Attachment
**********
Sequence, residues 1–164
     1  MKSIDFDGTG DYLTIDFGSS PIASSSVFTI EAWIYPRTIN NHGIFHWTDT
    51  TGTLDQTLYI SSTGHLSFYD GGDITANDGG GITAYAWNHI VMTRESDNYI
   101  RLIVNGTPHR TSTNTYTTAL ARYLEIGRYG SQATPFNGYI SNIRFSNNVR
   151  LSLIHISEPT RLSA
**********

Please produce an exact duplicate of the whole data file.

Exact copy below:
Sequence, residues 1–164
     1  MKSIDFDGTG DYLTIDFGSS PIASSSVFTI EAWIYPRTIN NHGIFHWTDT
    51  TGTLDQTLYI SSTGHLSFYD GGDITANDGG GITAYAWNHI VMTRESDNYI
   101  RLIVNGTPHR TSTNTYTTAL ARYLEIGRYG SQATPFNGYI SNIRFSNNVR
   151  LSLIHISEPT RLSA